The Transfiguration of Our Lord
February 11, 2024
This is a big day for sports fans with Super Bowl 58 happening later today as the San Francisco 49ers play the Kansas City Chiefs in Las Vegas. Kansas City’s Travis Kelce says, “It’s fun to gather the Swifties [fans of Taylor Swift] in the Chiefs kingdom” as he welcomes fans of girlfriend Taylor Swift to football (Super Bowl 58: Travis Kelce says 'it's fun to gather the Swifties in the Chiefs kingdom' - BBC Sport). Whether you’re watching the Super Bowl for the football, the commercials, or Taylor Swift, it’s a big day. Tomorrow – the day after the Super Bowl – is widely believed to be when the most people call out sick for the entire year. I have discovered that this is not true. “According to employee-tracking company Flamingo, more people call out sick on Aug. 24 than any other day of the year” (Most called in sick day of the year? It's August 24, worker study says (delawareonline.com). Who knew? Today is a big day for another reason: we celebrate this day as the Transfiguration of Our Lord. In heart and mind, we travel with Peter, James and John up the mountain and view Jesus in his heavenly glory. The words from the Gospel lesson serve as the focus for today’s message: “And suddenly, looking around, they no longer saw anyone with them but Jesus only” (Mark 9:8). “Jesus Only” is the theme for today’s message. May the Lord’s rich and abundant blessing rest upon the preaching, the hearing, and the living of his Word for Jesus’ sake.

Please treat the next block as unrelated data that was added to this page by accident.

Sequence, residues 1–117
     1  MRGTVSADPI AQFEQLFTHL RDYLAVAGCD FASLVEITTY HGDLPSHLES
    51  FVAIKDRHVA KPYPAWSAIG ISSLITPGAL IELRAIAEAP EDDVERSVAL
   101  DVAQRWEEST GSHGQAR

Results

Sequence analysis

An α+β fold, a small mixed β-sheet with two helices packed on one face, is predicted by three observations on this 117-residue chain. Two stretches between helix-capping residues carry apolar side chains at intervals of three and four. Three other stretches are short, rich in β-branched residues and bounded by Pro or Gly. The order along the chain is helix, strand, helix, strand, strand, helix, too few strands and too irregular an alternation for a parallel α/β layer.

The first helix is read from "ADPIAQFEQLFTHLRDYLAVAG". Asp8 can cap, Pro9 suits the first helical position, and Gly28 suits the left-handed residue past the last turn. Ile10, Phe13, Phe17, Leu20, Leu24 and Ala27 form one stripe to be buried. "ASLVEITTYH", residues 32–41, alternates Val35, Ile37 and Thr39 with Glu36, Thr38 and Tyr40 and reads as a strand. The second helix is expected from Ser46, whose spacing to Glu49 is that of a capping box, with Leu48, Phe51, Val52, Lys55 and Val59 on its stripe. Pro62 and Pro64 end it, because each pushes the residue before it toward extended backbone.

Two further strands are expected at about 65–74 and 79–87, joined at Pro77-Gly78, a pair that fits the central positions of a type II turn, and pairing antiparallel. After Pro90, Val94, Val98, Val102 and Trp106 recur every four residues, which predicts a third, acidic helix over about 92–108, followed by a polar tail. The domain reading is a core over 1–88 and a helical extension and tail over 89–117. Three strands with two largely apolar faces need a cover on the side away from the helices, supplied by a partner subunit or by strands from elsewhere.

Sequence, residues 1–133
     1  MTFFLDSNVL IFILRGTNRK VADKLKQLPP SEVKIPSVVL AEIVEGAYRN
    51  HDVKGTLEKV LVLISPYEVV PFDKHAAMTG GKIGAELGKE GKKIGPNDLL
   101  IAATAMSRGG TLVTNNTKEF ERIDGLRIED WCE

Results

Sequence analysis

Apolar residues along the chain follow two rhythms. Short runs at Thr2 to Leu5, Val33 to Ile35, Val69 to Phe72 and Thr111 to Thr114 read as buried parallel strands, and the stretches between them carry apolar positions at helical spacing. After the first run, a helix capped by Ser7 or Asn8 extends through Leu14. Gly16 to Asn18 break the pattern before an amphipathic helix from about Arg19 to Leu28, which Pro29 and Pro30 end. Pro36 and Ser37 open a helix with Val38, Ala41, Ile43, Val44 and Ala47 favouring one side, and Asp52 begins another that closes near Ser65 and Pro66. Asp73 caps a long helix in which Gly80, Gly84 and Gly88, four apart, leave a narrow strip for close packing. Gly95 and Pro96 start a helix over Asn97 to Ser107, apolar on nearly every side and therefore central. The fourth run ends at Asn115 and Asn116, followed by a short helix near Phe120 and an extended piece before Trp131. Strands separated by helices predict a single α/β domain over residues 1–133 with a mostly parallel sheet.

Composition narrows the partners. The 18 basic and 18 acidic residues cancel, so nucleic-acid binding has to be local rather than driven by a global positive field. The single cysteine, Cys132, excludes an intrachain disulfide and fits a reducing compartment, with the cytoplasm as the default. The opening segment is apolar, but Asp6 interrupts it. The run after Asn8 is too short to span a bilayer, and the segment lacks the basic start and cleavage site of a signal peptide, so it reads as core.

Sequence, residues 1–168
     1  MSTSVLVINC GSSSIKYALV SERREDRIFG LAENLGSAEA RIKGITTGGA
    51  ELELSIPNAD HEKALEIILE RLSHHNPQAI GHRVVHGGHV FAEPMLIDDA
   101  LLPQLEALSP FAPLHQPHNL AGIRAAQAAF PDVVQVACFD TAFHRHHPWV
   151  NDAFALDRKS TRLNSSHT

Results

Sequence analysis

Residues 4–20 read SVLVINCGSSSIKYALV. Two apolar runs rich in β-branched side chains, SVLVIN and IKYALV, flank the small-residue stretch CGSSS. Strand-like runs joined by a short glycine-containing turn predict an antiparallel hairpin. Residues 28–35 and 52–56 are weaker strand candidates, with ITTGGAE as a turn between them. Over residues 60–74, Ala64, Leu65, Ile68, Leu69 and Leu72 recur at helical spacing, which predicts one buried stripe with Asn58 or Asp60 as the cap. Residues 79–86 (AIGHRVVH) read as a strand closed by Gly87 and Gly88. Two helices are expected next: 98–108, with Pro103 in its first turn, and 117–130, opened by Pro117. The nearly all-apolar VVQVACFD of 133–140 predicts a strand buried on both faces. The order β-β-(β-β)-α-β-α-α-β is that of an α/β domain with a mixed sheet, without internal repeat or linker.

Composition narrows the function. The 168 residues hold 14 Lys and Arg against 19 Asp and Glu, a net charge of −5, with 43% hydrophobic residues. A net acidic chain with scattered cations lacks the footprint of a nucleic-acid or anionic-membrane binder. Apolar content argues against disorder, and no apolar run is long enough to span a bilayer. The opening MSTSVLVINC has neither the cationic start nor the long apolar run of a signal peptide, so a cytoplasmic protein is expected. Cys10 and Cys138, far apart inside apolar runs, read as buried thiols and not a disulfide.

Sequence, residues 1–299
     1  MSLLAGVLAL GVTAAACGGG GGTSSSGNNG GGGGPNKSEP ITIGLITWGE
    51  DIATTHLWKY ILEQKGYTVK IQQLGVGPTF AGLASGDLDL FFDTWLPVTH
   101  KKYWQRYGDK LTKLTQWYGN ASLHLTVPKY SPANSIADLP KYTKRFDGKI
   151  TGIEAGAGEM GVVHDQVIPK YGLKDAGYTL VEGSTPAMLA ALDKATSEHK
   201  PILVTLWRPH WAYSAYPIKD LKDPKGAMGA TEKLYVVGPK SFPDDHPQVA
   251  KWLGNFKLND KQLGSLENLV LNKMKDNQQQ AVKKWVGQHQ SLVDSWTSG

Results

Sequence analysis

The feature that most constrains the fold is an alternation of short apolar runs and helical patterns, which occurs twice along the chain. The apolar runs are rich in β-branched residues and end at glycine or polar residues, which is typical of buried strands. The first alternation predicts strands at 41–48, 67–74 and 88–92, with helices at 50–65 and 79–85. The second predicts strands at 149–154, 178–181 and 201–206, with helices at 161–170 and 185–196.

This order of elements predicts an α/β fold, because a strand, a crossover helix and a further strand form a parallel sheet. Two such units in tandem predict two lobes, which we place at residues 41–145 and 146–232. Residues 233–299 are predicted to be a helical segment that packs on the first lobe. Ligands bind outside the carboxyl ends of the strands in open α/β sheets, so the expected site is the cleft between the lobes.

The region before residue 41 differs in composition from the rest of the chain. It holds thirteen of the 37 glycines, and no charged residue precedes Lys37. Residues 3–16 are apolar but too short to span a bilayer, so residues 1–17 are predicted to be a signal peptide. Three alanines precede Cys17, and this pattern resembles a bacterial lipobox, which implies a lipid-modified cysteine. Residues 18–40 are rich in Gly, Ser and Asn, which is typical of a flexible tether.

The Epiphany season ends as it began, suffused with heavenly light. Epiphany began with the coming of the Wise Men bearing their gifts of gold, frankincense and myrrh, to honor the Christ Child. They were guided to Jesus by the light of that heavenly star which pointed the way (Matthew 2:1-11). And now, atop the Mount of Transfiguration, the light of Jesus’ eternal glory and splendor shines through his human nature. Light surrounds the One who is himself the Light of the world, and who tells us “Whoever follows me will not walk in darkness, but will have the light of life” (John 8:12). At Jesus’ baptism by John in the Jordan River, the Father’s voice was heard from heaven: “You are my beloved Son; with you I am well pleased” (Mark 1:11). And now, once more at Jesus’ transfiguration, the Father’s voice is heard again: “This is my beloved Son; listen to him” (Mark 9:7b). It is Jesus only who is the Light of the world; Jesus only who is the Father’s beloved Son.